It can be unnerving when your hard drive starts rattling around inside your computer case. But what’s behind that rattling And is there anything you can do to prevent it? In this post, we’ll take a look at the possible causes of hard drive rattling and some solutions you can try. Read on to learn more!
Noise source in hard disk drives are generally vibration, much like the noise generated when shaking a drinks can. During normal operation of a computer, the number of vibrations generated by the hard drive is relatively low and many people never notice their effect. However when the hard drive is badly shaken or bumped by accident then these vibrations become very obvious. When this happens, they not only sound noisier then they usually do but also appear to be coming from within the unit itself – rather than simply being mounted on it.
One possible cause of hard drive rattling is that the drive is loose inside the case. This can be caused by a number of factors, such as poor assembly or vibration from other components. If your drive is loose, you can try to fix the problem by using screws or other mounting hardware to secure it in place.
Another possible cause of hard drive rattling is a malfunctioning bearing. When a bearing starts to fail, it can create excessive heat and vibration, which can lead to rattling. If you suspect that your bearing is faulty, you may need to replace the entire drive.
Finally, another common cause of hard drive rattling is a damaged disk. If there are any physical problems with the disk surface, such as scratches, cracks or dents, it can lead to a rattling sound. If your disk is damaged, you may need to replace the disk if it’s still under warranty. Otherwise, you may need to purchase a new hard drive to avoid data loss.
low-cost driver shake
noise source in hard disk drives are actually high speed motor called “voice coil”, instead of traditional spinning iron servo plate or suspension system used for mounting magnetic heads. Voice coil motor consist of a small magnet attached to the end of a metal pole, which is then passed through an electromagnet that has many windings. When the electromagnet is energized by electric current passing through it, magnetic lines are created, causing the pole mimic or mimic up and down movement which is proportional to the electrical signal applied to it.
The vibration cause by this “voice coil” would go away when you turn off power source applied to it (by switch you computer) so if you keep your computer turned off for long time (like few days or months), any rattles become silent even if shaken hard. If there was permanent damage to hard drive unit replacing with new one may restore hard drive to working order again.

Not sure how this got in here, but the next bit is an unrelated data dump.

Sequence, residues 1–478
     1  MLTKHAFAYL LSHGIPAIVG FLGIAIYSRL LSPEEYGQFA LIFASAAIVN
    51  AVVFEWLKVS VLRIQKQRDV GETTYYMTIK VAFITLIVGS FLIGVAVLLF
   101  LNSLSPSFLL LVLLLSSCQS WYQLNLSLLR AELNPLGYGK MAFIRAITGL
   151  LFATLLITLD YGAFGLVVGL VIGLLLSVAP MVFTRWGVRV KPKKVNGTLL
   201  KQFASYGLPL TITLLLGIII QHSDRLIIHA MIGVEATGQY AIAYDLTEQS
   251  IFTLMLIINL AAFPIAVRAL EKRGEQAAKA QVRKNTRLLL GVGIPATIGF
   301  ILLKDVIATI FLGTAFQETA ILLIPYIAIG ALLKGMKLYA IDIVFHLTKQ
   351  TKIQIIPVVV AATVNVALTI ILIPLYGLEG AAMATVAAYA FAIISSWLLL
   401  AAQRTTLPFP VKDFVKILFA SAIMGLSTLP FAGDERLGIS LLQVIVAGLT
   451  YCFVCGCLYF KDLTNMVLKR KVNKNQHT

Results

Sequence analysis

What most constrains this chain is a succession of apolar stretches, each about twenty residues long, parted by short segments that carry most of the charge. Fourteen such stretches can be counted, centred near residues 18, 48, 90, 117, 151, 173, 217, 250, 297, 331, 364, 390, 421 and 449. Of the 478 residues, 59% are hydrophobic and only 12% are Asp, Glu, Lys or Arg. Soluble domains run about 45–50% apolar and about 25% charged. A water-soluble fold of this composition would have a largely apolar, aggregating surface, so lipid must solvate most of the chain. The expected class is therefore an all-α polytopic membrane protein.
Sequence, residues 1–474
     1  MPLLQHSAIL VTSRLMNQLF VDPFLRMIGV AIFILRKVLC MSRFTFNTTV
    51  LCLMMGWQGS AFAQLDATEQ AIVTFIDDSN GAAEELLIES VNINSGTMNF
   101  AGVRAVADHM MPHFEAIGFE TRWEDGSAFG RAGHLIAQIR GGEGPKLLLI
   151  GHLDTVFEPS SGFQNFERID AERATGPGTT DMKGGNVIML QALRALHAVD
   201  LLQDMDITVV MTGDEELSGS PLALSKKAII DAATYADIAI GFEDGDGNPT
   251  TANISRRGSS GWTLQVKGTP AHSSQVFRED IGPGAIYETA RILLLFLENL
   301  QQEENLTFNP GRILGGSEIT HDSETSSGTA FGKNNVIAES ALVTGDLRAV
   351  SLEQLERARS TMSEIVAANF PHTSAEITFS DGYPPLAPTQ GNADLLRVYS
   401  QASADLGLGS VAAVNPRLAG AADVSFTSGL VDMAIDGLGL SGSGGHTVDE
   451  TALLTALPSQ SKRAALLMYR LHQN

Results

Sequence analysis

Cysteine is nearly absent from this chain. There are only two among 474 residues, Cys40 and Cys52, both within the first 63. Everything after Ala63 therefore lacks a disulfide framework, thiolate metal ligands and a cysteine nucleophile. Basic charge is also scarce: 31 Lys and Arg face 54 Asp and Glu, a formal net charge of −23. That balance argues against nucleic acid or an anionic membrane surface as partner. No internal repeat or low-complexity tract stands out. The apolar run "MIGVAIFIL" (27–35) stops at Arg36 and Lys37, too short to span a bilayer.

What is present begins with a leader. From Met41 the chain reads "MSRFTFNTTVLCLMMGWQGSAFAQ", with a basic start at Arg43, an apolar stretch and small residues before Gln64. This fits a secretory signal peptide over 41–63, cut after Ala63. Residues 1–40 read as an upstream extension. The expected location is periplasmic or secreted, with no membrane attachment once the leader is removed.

Floating Hard Drive
The theoretical explanations are just fine, but it is much more interesting to actually see it. So we bought an accelerometer chip, wired its 3 axis outputs through op-amps. These were fed into a storage scope so we could record waveforms. Then I attached the acceleration to a Western Digital Ae 6TB HDD which I picked because I happened to have it on hand, and happens to have typical vibration characteristics. I then recorded HDD vibration under two conditions: free floating (actually suspended on elastics); and attached to a massive block of granite. These show the maximum and minimum magnitudes of internal HDD vibration (free-floating shows worst case, HDD mounted to granite shows the best case, whereas HDD’s mounted in a real server are an intermediate case).
Caused by a slight imbalance in the rotating platters. It is a readily identifiable sinusoidal vibration at a frequency that exactly corresponds to the rotational speed of the platter (90 Hz for 5400 RPM, 120 Hz for 7200 RPM, etc.). The dominant imbalance is in-plane so vibration is in the X-Y plane (see diagram below).
Reaction to head seeks acceleration HDD heads are mounted on arms, which rotate to seek to new tracks. These seeks can happen very rapidly, upwards of 100 seeks/second, so the arm must accelerate quickly. According to the laws of physics, a rapid acceleration requires a large force, and each action has an equal and opposite reaction. Thus a rotational force is applied to the HDD body. Although the HDD body is massive relative to the head and arm, the reaction force is sufficient to slightly move the HDD, causing vibration in the X-Y plane.
If none of these solutions work, then you probably have a loose screw around the spindle motor. This can be fixed by removing one side cover and tightening the screws holding the motor in place with an appropriate size Phillips head screwdriver.